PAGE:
MEPS 286:231-238 (2005)  -  doi:10.3354/meps286231

Tidal and seasonal effects on transport of pink shrimp postlarvae

Maria M. Criales1,*, John Wang2, Joan A. Browder3, Michael B. Robblee4

1Marine Biology & Fisheries, Rosenstiel School of Marine and Atmospheric Science (RSMAS), and
2Applied Marine Physics, Rosenstiel School of Marine and Atmospheric Science (AMP), University of Miami, 4600 Rickenbacker Causeway, Miami, Florida 33149, USA
3NOAA Fisheries, Southeast Fisheries Science Center, 75 Virginia Beach Drive, Miami, Florida 33149, USA
4United States Geological Survey, Center for Water and Restoration Studies, 9100 NW 36th Street, Miami, Florida 33178, USA

ABSTRACT: Transport simulations were conducted to investigate a large seasonal peak in postlarvae of the pink shrimp Farfantepenaeus duorarum that occurs every summer on the northwestern border of Florida Bay. Daily vertical migration, a known behavior in pink shrimp postlarvae, was assumed in all scenarios investigated. A Lagrangian trajectory model was developed using a current field derived from a 3 yr ADCP (Acoustic Doppler Current Profiler) time series. To fit the estimated planktonic development time of pink shrimp, the model simulated larvae traveling at night over a 30 d period. We investigated 2 types of effects: (1) the effect of mismatch periodicity between tidal constituents and daily migration, and (2) the effect of seasonal changes in night length. The maximum eastward displacement with the semidiurnal lunar tidal constituent (M2) was 4 km, with periods of enhanced transport in both summer and winter. In contrast, eastward displacement with the semidiurnal solar tidal constituent (S2) and the lunisolar diurnal K1 was 65 km and the period of maximum distance occurred in summer every year. Because the periods of S2 and K1 are so close to the 24 h vertical migration period, and the eastward current (flood) of these constituents matches the diel cycle over extended intervals, they can induce strong horizontal transport during summer. Thus, diel vertical migration can interact with the S2 and the K1 tidal constituents and with the annual cycle of night length to produce a distinct annual cycle that may enhance transport of pink shrimp and other coastal species during summer in shallow areas of the Gulf of Mexico.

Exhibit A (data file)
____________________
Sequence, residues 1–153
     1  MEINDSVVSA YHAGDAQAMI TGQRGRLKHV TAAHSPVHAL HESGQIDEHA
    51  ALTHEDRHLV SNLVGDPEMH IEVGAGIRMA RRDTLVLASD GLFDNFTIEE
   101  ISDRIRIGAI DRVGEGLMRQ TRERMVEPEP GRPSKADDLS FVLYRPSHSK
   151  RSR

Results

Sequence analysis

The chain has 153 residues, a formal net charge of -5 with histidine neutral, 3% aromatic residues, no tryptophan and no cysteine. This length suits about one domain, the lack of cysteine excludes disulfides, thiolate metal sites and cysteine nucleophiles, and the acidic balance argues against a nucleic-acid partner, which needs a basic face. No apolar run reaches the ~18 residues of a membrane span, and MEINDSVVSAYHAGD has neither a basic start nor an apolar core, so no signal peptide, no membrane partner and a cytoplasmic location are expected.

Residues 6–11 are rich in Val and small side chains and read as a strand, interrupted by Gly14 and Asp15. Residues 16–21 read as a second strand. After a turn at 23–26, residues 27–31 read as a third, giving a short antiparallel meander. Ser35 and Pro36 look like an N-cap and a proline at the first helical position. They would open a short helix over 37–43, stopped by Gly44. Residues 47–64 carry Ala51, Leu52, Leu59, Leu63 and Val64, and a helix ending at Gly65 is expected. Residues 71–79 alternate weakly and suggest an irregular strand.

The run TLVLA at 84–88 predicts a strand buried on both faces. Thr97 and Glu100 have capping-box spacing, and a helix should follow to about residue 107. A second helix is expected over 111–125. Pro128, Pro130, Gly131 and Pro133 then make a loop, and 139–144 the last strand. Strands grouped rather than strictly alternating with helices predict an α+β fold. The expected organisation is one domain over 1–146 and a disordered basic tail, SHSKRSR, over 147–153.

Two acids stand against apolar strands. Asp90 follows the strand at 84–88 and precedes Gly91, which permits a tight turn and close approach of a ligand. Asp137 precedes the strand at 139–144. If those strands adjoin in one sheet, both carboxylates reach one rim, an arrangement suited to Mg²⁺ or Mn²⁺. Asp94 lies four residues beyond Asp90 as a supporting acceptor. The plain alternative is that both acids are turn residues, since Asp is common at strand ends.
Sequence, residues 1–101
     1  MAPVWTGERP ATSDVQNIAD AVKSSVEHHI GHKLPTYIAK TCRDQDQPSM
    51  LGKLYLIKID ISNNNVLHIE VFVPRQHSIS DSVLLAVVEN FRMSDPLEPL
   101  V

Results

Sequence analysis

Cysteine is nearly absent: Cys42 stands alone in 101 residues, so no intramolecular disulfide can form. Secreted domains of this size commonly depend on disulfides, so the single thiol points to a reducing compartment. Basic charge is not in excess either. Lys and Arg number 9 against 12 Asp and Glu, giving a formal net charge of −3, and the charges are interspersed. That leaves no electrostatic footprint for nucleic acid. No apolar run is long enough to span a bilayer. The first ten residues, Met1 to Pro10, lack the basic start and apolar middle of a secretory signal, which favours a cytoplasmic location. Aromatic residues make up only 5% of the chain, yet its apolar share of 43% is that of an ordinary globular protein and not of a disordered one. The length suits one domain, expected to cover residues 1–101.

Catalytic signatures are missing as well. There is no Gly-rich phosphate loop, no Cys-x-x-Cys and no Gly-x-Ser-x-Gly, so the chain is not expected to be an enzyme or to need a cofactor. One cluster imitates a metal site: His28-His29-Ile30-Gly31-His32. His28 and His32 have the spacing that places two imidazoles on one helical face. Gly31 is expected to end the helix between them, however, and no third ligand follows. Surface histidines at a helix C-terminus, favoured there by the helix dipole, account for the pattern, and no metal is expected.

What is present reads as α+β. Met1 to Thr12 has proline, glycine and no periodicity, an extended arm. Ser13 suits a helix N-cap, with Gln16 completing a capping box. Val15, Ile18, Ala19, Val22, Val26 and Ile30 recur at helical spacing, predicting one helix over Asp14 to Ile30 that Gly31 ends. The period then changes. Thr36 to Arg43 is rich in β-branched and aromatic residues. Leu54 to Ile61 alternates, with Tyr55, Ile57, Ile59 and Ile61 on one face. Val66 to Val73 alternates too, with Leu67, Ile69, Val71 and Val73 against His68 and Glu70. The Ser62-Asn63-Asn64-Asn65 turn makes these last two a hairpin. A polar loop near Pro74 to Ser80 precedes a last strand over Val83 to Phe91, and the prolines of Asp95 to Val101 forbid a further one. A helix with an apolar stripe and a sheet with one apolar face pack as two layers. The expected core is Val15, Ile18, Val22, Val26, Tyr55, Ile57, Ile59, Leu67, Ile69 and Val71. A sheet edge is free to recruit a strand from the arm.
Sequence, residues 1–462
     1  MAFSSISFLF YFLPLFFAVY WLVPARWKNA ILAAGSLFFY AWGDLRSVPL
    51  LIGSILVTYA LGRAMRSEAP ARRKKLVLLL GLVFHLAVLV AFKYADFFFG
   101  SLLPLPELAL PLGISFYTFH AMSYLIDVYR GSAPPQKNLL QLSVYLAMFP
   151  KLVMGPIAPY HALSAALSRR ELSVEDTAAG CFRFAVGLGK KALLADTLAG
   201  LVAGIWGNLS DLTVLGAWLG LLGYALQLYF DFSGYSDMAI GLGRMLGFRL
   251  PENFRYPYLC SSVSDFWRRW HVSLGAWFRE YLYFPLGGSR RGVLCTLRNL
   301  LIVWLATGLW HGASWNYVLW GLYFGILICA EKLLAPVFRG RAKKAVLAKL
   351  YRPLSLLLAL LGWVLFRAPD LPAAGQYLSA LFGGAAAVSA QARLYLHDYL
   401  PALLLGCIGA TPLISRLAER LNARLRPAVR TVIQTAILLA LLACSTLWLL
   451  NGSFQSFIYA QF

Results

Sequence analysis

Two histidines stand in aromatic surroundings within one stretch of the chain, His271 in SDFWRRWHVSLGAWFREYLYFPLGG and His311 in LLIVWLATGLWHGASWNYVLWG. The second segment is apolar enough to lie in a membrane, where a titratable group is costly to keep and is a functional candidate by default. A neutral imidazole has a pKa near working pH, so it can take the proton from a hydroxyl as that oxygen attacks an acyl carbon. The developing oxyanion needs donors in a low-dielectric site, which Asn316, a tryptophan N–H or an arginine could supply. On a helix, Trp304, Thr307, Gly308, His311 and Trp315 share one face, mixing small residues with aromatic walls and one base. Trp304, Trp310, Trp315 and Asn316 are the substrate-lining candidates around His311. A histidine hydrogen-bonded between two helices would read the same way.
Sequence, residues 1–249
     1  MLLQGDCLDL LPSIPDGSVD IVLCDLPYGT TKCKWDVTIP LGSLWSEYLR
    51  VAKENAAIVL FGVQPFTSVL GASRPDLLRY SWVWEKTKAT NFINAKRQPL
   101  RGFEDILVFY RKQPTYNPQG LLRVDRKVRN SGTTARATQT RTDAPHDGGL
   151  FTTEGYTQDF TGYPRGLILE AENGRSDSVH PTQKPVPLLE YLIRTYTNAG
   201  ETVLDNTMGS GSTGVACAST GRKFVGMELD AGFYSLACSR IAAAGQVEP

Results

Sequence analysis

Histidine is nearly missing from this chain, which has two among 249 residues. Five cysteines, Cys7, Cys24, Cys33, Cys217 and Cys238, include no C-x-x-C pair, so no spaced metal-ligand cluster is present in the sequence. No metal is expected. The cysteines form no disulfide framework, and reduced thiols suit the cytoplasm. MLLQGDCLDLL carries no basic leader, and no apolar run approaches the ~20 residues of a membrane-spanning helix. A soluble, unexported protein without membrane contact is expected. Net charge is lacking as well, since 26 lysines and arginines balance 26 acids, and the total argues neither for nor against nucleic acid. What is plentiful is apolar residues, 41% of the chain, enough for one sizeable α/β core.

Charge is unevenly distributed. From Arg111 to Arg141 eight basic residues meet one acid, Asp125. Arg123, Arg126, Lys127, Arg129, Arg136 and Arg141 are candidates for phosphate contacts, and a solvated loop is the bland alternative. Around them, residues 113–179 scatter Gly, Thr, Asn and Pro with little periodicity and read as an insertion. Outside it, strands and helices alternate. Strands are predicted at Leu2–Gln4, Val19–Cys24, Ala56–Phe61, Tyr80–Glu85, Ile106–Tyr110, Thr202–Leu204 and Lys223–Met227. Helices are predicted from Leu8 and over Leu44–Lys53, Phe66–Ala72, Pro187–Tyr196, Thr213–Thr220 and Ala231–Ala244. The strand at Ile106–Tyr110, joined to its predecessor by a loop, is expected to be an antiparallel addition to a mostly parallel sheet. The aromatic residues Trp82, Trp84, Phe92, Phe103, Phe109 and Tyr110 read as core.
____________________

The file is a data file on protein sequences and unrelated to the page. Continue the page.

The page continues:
KEY WORDS: Mismatch periodicity · Tidal transport · Daily migration · Pink shrimp


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